The Idolomantis Diabolica (Devils flower mantis), is sometimes known as the “King of all mantids” for the obvious reason; it’s beauty, size and rarity.
This species is another one of the very many flower mimics. With it’s bright green wing case, centred with a large, coloured, ocellus. With leafy projections on the legs, and green/brown body colouring, this species is a true master of disguise. Both sexes possess fully grown wings, covering the whole abdomen. Sex determination is the usual, 8 segments for the male, and 6 or 7 for the female. Another sexual dimorphism is the difference on appearance of the antennae. The males have more feathery, split antennae, and the females long, thin and straight.
The Idolomantis is famous for it’s beautiful threat pose, showing off a deep purple and green colouration around it’s legs.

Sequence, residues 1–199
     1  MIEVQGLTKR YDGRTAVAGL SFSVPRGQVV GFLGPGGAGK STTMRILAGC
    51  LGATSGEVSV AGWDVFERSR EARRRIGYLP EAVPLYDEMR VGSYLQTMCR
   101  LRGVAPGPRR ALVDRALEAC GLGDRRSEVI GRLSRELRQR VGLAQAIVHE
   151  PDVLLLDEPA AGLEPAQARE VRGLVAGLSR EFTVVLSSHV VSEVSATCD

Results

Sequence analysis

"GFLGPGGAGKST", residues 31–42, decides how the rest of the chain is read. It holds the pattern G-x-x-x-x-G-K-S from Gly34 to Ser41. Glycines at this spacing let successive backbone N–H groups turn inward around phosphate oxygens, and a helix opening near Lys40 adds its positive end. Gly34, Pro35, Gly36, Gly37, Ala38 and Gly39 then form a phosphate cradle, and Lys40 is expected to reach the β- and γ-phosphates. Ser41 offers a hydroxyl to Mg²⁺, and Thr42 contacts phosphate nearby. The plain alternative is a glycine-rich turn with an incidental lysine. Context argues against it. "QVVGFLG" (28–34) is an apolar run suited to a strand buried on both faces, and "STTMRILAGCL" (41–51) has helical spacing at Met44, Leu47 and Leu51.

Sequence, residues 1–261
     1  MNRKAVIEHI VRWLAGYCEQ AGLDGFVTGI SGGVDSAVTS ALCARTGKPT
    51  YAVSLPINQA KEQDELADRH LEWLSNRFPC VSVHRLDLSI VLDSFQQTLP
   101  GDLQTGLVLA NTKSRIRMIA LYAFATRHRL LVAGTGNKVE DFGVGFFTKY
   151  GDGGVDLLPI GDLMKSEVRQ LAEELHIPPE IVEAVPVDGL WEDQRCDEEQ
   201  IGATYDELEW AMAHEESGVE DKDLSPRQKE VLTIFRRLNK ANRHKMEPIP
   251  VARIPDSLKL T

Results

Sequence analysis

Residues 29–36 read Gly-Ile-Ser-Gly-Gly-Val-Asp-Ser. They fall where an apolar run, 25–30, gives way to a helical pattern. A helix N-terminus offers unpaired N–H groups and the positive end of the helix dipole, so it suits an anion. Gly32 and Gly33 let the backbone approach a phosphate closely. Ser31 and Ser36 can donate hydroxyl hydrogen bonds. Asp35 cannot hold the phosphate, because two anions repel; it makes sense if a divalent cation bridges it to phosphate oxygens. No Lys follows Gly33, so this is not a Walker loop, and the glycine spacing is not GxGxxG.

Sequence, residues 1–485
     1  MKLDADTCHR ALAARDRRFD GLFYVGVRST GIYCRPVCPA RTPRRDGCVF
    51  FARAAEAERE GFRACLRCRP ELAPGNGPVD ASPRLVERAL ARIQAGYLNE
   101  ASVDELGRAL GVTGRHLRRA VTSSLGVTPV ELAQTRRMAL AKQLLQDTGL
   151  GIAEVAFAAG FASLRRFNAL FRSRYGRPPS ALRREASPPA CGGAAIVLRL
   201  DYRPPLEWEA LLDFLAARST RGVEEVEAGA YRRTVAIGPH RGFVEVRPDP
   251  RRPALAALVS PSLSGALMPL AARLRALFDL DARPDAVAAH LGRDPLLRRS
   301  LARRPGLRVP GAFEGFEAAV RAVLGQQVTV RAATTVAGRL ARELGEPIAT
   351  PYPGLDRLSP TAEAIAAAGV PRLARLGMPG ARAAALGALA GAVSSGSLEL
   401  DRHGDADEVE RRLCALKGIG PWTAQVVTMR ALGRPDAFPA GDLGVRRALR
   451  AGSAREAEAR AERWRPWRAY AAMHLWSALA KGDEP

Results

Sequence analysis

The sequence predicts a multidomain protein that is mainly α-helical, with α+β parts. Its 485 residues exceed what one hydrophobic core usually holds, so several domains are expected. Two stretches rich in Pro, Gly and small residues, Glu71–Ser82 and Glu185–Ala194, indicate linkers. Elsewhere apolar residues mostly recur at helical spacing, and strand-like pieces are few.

In captivity, Idolomantis diabolica is known for being an expensive species, mainly due to it’s difficulty to raise, with nymphs temperamental to fluctuations in conditions. The Devils Flower Mantis originates from regions around Tanzania.
Idolomantis diabolica Behaviour
Despite it’s size and beauty, the Idolomantis diabolica is a nervous species, from young nymphs to adults. Nymphs will often run around, and appear somewhat scatty when disturbed, and will often totally lose co-ordination. Famous for it’s threat pose, this is typical behaviour of adult Devils flower mantises, and is an attempt to scare off prey.
Whilst showing signs of diametic behaviour (showing off colour in order to scare), adult Idolomantis will also open their wings to appear larger, more colourful, and more threatening to predators.
Humidity and Temperature
The Idolomantis requires a slightly more advanced keeping than most species. Originating from Tanzania, it would be exposed to very high temperatures, likewise with humidity. In captivity, we try to do the best to stimulate these conditions.